The Most Excellent Order of the British Empire is an order of chivalry established on 4 June 1917 by George V of the United Kingdom. The Order comprises five classes in civil and military divisions. In descending order of seniority, these are: Only the highest two ranks automatically cause an individual to become a knight or dame, an honour allowing the recipient to use the title "Sir" (male) or "Dame" (female) before their first name (though men can be knighted separately from this and other Orders of Chivalry). Honorary knighthoods, given to individuals who are not nationals of a realm where Queen Elizabeth II is Head of State, permit use of the honour as a post-nominal but not as a title before their name. Awards in the Order of the British Empire in the Commonwealth Realms were discontinued with the establishment of national systems of honours and awards such as the Order of Australia, the Order of Canada and the New Zealand Order of Merit. Foreign recipients are classified as honorary members of the Order they receive, and do not contribute to the numbers restricted to that Order as full members do. There is also a related British Empire Medal, whose recipients are not members
Agriculture and parting from wolves shaped dog evolution, study finds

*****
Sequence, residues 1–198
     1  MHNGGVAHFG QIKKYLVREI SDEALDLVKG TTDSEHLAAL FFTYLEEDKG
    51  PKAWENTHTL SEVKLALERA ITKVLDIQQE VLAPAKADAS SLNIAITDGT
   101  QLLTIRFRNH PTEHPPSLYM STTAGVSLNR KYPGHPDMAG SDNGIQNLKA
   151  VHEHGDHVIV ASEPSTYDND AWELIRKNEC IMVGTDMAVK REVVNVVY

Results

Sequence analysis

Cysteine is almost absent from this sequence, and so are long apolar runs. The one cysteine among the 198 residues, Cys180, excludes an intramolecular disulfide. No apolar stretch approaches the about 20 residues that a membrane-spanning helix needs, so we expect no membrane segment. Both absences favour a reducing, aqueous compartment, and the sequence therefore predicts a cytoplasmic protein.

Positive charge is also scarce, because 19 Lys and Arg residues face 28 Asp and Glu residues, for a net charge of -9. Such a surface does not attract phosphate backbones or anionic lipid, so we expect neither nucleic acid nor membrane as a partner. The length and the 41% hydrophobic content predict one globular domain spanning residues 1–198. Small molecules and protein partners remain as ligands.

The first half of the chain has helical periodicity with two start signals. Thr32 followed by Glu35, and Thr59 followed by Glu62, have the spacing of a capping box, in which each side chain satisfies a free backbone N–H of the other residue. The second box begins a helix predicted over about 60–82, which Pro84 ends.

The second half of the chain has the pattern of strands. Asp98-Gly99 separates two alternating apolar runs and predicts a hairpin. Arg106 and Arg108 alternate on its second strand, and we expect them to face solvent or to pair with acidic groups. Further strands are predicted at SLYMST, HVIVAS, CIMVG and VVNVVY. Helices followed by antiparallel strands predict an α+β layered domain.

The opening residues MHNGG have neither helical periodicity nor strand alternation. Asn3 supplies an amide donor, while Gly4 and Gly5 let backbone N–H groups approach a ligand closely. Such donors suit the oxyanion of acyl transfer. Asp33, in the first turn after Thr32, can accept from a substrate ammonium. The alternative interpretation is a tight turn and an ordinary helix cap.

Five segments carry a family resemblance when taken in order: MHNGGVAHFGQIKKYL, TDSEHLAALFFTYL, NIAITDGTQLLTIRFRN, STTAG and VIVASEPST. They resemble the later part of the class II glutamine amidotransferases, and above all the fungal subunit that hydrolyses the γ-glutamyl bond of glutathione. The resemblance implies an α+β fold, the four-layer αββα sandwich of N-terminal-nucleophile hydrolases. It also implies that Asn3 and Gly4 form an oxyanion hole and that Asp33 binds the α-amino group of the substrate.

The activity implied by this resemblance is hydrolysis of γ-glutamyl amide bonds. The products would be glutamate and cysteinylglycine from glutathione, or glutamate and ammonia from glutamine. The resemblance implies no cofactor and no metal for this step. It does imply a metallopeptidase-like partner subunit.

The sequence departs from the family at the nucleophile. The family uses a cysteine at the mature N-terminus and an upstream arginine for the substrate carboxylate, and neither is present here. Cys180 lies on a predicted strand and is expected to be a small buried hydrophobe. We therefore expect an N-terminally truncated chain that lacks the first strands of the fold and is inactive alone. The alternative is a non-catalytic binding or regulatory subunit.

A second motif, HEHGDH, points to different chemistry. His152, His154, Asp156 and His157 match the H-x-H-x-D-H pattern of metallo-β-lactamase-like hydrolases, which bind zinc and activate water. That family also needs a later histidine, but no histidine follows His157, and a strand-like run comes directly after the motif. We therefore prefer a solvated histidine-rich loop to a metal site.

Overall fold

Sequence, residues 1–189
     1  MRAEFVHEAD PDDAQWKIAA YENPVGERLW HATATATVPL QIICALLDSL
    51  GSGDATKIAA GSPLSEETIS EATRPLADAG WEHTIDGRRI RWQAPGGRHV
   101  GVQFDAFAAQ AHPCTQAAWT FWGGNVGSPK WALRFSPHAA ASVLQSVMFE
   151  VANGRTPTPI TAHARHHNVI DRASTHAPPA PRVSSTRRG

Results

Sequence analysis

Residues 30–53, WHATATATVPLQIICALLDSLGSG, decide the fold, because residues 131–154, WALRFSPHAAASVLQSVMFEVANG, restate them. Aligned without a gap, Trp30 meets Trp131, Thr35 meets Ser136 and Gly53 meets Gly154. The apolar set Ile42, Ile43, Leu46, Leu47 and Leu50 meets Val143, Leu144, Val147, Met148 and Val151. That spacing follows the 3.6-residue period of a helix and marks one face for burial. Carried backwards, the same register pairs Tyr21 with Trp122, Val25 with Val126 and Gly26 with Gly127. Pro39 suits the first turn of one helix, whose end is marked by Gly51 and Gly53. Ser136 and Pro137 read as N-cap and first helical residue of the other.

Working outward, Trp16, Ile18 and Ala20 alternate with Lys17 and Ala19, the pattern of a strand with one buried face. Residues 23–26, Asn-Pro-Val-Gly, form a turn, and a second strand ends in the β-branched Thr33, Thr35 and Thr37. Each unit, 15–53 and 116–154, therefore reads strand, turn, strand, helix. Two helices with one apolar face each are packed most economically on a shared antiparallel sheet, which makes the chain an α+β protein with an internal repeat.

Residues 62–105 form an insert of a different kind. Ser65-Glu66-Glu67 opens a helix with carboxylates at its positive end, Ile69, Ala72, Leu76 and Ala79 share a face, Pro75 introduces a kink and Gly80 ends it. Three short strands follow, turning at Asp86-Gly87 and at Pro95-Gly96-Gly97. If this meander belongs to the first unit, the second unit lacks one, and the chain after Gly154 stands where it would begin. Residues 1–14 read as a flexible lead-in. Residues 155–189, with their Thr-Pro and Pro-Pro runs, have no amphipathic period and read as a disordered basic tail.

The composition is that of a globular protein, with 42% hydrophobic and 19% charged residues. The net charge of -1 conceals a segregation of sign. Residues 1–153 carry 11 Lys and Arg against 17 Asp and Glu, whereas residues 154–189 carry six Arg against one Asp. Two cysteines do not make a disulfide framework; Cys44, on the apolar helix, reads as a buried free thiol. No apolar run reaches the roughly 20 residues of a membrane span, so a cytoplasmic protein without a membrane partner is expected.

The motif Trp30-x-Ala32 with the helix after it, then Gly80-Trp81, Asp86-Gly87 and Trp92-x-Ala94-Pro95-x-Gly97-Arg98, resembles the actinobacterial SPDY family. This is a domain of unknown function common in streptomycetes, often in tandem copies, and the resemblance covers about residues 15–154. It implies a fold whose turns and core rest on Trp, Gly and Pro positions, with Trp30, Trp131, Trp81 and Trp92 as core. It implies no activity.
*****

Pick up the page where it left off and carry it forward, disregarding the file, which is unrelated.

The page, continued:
(Phys.org)—Part of the ancient mystery of the makeup of the modern Western dog has been solved by a team led by researchers at the University of California, Davis, School of Veterinary Medicine.
Tracking koala disease: New findings from old DNA
(Phys.org)—DNA extracted from the skins of koalas displayed in European and North American museums shows that a retrovirus has been a problem for the animals for much longer than was thought, according ...
Athletic frogs have faster-changing genomes
Physically fit frogs have faster-changing genomes, says a new study of poison frogs from Central and South America.
Ancient Egyptian cotton unveils secrets of domesticated crop evolution
Scientists studying 1,600-year-old cotton from the banks of the Nile have found what they believe is the first evidence that punctuated evolution has occurred in a major crop group within the relatively short history of plant ...
DNA traces cattle back to a small herd domesticated around 10,500 years ago
All cattle are descended from as few as 80 animals that were domesticated from wild ox in the Near East some 10,500 years ago, according to a new genetic study.
New research suggests European Neandertals were almost extinct long before humans showed up
Western Europe has long been held to be the "cradle" of Neandertal evolution since many of the earliest discoveries were from sites in this region. But when Neandertals started disappearing around 30,000 years ...